Politics & Government

McCain strafes Obama for not serving in the military

WASHINGTON — Republican John McCain launched a harsh attack on Democrat Barack Obama's lack of military credentials Thursday, charging that the frontrunner for the Democratic presidential nomination has "zero understanding" of veteran's issues.

"I will not accept from Senator Obama, who did not feel it was his responsibility to serve our country in uniform, any lectures on my regard for those who did," said McCain, a decorated former naval aviator and Vietnam prisoner of war.

McCain's remarks came as the two fellow senators and likely general election rivals for the presidency disagreed over an educational provision in a GI Bill that's up for a vote.

Obama threw the first punch, questioning McCain's opposition to the measure in a speech on the Senate floor.

For McCain, who supports the unpopular war in Iraq and is running in a tough year for Republicans, that was an opening to test what may be his strongest line of attack in the fall — that Obama doesn't have enough experience to manage military affairs.

It also underscored the personal animosity between the two men.

Obama, 46, who opposes the Iraq war, came of age in the 1980s when U.S. military engagements were limited to relatively brief incursions in places like Lebanon, Grenada and Panama. McCain, 71, was a Navy flyer shot down in 1967 over North Vietnam, where he spent more than five years as a prisoner of war.

Thursday's sparring between McCain of Arizona and Obama of Illinois came as the Senate voted 75-22 for a proposal by Sen. Jim Webb, D-Va., to provide more generous college assistance to veterans.

Obama and his rival for the Democratic nomination, Hillary Clinton, support it; Obama has said that Webb's plan would strengthen the military and encourage more people to enlist.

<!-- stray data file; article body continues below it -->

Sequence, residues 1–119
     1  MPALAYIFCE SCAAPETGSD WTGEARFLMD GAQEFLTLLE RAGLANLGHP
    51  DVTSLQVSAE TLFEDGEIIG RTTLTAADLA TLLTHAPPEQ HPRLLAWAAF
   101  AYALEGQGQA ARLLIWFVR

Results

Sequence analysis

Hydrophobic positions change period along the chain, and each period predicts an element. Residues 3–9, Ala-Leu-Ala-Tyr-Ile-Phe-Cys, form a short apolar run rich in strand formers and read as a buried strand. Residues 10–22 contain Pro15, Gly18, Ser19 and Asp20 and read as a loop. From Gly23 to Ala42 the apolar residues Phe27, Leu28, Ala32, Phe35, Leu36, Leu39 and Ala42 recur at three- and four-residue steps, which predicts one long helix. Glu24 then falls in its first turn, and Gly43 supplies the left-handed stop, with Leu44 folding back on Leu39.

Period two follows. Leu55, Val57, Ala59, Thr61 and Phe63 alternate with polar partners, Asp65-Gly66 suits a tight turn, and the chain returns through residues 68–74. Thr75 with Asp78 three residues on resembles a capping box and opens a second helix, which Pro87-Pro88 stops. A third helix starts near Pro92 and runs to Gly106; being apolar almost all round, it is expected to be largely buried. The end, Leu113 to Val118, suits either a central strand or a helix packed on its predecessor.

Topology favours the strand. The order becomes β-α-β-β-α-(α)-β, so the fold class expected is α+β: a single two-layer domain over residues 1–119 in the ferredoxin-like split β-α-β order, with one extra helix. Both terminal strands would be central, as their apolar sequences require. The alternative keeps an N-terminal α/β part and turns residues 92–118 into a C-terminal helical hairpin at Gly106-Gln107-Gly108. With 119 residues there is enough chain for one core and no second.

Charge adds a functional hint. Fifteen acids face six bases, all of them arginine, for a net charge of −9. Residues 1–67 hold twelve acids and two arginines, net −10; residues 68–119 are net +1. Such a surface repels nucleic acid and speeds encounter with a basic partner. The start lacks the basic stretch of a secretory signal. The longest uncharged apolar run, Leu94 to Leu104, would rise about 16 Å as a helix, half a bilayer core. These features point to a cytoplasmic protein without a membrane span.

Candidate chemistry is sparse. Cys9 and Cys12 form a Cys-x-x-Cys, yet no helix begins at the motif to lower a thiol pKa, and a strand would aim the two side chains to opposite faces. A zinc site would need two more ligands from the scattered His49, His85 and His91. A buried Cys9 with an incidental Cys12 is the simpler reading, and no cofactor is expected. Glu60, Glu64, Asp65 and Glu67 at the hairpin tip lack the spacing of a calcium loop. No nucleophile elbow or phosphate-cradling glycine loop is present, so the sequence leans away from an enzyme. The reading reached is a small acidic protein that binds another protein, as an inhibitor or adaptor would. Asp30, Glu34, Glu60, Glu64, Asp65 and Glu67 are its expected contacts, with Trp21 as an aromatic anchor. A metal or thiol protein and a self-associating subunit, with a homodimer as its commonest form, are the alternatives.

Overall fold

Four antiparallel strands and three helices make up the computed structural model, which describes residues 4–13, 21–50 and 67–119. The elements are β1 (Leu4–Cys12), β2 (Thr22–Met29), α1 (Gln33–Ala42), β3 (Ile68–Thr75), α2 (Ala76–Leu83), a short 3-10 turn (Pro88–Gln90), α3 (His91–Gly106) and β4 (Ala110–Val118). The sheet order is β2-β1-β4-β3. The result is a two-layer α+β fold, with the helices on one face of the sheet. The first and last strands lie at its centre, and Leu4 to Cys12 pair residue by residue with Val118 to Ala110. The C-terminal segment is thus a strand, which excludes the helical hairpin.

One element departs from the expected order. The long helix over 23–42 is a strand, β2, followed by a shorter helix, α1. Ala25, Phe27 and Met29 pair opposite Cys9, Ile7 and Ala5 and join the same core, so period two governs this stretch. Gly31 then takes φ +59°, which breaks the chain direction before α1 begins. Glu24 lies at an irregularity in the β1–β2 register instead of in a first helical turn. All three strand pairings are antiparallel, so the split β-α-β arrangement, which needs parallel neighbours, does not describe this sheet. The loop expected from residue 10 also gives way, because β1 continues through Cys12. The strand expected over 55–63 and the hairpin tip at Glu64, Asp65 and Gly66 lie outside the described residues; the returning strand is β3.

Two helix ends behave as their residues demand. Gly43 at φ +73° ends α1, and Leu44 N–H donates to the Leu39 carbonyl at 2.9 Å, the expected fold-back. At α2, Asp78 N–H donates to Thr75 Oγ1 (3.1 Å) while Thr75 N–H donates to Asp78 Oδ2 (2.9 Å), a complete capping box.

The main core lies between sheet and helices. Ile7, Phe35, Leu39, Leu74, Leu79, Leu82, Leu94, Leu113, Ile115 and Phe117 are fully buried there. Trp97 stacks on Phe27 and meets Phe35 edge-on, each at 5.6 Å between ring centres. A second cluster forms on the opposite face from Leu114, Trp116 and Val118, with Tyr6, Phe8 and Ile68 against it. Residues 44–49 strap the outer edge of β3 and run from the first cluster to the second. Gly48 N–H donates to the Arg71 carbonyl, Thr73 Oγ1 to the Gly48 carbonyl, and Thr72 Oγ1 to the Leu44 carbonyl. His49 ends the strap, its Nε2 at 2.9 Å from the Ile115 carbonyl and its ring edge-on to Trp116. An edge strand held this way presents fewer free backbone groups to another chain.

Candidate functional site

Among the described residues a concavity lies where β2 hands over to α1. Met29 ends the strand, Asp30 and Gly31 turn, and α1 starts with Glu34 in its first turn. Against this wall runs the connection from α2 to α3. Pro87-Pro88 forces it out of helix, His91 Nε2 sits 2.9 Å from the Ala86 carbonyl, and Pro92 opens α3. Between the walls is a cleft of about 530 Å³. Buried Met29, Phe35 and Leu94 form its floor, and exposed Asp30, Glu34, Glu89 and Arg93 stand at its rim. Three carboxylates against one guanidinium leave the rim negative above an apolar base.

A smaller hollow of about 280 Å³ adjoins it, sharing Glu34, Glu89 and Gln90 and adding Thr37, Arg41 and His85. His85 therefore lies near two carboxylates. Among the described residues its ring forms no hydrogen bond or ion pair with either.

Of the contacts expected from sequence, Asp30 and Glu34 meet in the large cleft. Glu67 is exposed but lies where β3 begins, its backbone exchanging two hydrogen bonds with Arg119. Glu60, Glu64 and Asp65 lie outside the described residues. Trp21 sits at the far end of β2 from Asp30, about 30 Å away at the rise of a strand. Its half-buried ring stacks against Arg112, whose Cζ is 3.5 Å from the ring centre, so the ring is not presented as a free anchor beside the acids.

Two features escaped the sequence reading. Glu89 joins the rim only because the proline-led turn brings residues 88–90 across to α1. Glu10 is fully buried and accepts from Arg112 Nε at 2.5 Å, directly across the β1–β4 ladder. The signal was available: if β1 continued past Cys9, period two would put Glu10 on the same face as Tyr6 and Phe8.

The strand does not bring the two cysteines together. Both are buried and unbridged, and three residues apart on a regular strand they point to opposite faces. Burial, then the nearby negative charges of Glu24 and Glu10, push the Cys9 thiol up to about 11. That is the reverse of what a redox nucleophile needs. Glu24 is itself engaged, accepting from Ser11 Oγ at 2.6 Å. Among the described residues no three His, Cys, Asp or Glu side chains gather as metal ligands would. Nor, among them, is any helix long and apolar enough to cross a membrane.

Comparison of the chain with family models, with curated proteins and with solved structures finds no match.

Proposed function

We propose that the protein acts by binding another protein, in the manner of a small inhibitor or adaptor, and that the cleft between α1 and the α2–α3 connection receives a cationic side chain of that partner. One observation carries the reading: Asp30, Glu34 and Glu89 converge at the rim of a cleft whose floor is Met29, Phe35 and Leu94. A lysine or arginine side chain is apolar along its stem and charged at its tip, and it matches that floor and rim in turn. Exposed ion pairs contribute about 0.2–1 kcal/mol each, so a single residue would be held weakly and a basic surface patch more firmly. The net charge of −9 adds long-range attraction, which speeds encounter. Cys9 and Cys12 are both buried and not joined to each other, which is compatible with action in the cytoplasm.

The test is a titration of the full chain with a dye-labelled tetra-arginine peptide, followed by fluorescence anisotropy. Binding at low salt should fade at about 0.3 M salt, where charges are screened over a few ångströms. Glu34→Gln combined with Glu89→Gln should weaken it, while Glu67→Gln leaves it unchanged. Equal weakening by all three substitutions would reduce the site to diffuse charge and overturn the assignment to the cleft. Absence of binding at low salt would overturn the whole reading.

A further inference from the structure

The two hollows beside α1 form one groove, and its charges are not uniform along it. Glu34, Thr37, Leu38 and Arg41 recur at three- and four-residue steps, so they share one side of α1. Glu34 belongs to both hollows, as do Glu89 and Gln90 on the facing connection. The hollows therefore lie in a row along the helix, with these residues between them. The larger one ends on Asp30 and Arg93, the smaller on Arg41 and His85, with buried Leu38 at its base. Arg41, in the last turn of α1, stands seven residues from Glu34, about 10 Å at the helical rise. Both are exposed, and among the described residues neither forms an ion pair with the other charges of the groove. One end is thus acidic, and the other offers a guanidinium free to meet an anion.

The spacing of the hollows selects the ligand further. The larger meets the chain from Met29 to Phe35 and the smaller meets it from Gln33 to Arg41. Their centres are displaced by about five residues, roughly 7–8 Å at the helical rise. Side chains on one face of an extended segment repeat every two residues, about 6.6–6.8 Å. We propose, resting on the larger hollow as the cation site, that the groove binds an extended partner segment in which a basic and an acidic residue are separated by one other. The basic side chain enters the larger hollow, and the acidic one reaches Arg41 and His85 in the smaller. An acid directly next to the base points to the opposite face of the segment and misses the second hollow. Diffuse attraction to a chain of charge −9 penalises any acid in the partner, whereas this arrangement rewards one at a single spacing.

McCain favored a less expensive alternative that Republicans argue would be less of an inducement to leave the service, but the Senate rejected it. McCain wasn't there to vote on Webb's bill because he was campaigning in California.

Webb is a decorated Marine veteran of Vietnam who's often praised by McCain and is considered a potential running mate for Obama. His plan offers the same benefits to veterans who serve one enlistment or multiple enlistments, while McCain's alternative would have increased benefits in step with a veteran's length of service.

In a speech Thursday on the Senate floor, Obama said it was the Senate's "moral duty" to pass the legislation, suggested that McCain's opposition was motivated by partisanship, and painted McCain as a puppet of President Bush.

Obama said he respected McCain's military service and considered him a hero, but added, "I can't understand why he would line up behind the president in opposition to this GI Bill. I can't believe why he believes it is too generous to our veterans. I could not disagree with him and the president more on this issue."

An angry McCain answered in a statement released by his campaign. Besides taking Obama to task for not serving in the military, McCain noted his own 22 years as a naval officer.

"Running for president is different than serving as president . . . the occupant can't always take the politically easy route without hurting the country he is sworn to defend," McCain said.


"Unlike Senator Obama, my admiration, respect and deep gratitude for America's veterans is something more than a convenient campaign pledge. I think I have earned the right to make that claim."

McCain accused Obama of "impugning the motives of his opponent and exploiting a thoughtful difference of opinion to advance his own ambitions," and warned: "If that is how he would behave as President, the country would regret his election."

Combat service, however, is no prerequisite for the presidency. President Bush served in the Texas Air National Guard, which critics argued was a way to avoid combat. Vice President Dick Cheney and President Bill Clinton avoided military service during the Vietnam War.